Protein Splicing?• Protein splicing is defined as the excision of an intervening protein sequence (the INTEIN) from a protein precursor and the concomitant ligation of the flanking protein fragments (the EXTEINS) to form a mature extein protein and the free intein• http://www.neb.com/inteins/intein_intro.ht ml
Biological databases • NAR Database Issue – Every year: NAR DB Issue – The 2006 update includes 858 databases – Citation top 5 are: • Pfam • Gene Ontology • UniProt • SMART • KEGG – Primary Nucleotide DB’s and PDB are not cited anymore
Why biological databases ? • Explosive growth in biological data • Data (sequences, 3D structures, 2D gel analysis, MS analysis….) are no longer published in a conventional manner, but directly submitted to databases • Essential tools for biological research, as classical publications used to be !
Problems with Flat files … • Wasted storage space • Wasted processing time • Data control problems • Problems caused by changes to data structures • Access to data difficult • Data out of date • Constraints are system based • Limited querying eg. all single exon GPCRs (<1000 bp)
Relational • The Relational model is not only very mature, but it has developed a strong knowledge on how to make a relational back-end fast and reliable, and how to exploit different technologies such as massive SMP, Optical jukeboxes, clustering and etc. Object databases are nowhere near to this, and I do not expect then to get there in the short or medium term. • Relational Databases have a very well-known and proven underlying mathematical theory, a simple one (the set theory) that makes possible – automatic cost-based query optimization, – schema generation from high-level models and – many other features that are now vital for mission-critical Information Systems development and operations.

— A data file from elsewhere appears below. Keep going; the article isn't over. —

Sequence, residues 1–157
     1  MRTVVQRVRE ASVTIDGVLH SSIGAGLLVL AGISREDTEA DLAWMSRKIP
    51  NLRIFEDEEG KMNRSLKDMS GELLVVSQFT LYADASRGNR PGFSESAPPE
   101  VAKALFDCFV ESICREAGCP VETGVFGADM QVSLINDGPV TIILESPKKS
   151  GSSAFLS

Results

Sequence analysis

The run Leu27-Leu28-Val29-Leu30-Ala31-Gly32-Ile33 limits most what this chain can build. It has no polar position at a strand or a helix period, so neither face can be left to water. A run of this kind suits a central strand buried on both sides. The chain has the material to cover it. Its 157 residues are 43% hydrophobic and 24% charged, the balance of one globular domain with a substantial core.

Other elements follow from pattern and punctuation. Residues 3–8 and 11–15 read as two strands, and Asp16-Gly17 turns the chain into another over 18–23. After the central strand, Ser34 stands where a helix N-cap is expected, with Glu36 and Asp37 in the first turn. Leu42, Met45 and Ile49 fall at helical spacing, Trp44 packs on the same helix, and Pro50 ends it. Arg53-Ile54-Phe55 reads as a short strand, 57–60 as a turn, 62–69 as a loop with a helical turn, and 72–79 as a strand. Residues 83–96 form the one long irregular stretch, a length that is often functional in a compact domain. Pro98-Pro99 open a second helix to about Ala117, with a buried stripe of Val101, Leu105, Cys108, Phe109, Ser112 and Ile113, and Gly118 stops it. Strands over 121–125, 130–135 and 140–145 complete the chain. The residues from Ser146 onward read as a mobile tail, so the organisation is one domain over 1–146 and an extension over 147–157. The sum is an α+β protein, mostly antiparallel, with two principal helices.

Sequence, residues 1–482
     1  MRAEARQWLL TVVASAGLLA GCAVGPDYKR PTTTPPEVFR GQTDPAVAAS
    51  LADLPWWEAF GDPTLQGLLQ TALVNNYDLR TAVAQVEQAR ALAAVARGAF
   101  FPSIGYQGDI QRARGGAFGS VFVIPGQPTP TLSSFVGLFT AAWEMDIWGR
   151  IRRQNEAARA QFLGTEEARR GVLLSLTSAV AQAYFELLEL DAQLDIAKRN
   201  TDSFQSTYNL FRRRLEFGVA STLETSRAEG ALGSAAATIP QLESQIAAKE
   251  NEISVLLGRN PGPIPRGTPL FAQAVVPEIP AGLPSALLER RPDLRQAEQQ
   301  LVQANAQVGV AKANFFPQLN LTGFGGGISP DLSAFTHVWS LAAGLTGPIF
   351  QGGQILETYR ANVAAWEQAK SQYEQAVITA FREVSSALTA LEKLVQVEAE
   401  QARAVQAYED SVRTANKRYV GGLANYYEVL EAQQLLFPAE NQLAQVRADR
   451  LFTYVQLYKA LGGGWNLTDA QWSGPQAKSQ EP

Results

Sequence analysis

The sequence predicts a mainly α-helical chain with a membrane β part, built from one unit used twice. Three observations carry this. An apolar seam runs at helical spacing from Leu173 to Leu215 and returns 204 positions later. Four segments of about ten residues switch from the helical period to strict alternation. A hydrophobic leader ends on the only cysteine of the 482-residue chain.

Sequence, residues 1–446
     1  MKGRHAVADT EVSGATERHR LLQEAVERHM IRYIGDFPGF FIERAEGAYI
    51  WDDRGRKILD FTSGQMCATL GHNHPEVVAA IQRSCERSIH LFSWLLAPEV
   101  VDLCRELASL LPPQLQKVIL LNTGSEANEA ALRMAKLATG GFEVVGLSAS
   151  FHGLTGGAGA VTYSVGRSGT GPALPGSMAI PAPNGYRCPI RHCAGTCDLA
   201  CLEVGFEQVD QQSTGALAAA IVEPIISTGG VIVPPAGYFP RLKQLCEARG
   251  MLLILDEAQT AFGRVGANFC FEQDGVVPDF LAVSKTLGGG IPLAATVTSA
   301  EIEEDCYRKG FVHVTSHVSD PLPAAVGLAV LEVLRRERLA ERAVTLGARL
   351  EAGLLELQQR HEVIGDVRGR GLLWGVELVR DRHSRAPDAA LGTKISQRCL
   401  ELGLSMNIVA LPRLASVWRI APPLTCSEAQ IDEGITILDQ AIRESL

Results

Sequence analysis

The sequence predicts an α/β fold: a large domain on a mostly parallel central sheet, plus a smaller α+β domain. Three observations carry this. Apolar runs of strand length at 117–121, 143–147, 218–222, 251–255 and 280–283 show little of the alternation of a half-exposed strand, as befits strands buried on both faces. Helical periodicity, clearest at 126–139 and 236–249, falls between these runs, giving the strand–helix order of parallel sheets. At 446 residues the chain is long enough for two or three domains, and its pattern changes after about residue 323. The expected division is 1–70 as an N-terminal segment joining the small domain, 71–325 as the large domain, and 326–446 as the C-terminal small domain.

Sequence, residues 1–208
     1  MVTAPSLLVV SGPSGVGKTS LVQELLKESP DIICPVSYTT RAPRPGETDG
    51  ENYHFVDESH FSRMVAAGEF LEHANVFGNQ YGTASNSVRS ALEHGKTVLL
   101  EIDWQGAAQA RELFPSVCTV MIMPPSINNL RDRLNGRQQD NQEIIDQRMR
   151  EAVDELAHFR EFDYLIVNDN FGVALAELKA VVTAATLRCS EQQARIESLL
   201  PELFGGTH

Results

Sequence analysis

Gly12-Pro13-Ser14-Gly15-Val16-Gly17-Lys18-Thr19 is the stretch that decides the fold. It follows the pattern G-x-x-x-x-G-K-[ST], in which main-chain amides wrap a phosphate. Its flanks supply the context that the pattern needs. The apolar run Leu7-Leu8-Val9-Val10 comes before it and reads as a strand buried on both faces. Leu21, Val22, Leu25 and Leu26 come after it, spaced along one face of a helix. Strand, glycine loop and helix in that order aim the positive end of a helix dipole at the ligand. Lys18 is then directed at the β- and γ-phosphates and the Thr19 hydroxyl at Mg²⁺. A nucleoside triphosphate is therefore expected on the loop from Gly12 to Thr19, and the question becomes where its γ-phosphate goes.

• What is a relational database ? – Sets of tables and links (the data) – A language to query the datanase (Structured Query Language) – A program to manage the data (RDBMS)• Flat files are not relational – Data type (attribute) is part of the data – Record order mateters – Multiline records – Massive duplication • Bv Organism: Homo sapeinsm Eukaryota, … – Some records are hierarchical • Xrefs – Records contain multiple “sub-records” – Implecit “Key”
The Benefits of Databases • Redundancy can be reduced • Inconsistency can be avoided • Conflicting requirements can be balanced • Standards can be enforced • Data can be shared • Data independence • Integrity can be maintained • Security restrictions can be applied
Relational Database Terminology• Each row of data in a table is uniquely identified by a primary key (PK)• Information in multiple tables can be logically related by foreign keys (FK) Table Name: CUSTOMER Table Name: EMP ID NAME PHONE EMP_ID ID LAST_NAME FIRST_NAME 201 Unisports 55-2066101 12 10 Havel Marta 202 Simms Atheletics 81-20101 14 11 Magee Colin 203 Delhi Sports 91-10351 14 12 Giljum Henry 204 Womansport 1-206-104-0103 11 14 Nguyen Mai Primary Key Foreign Key Primary Key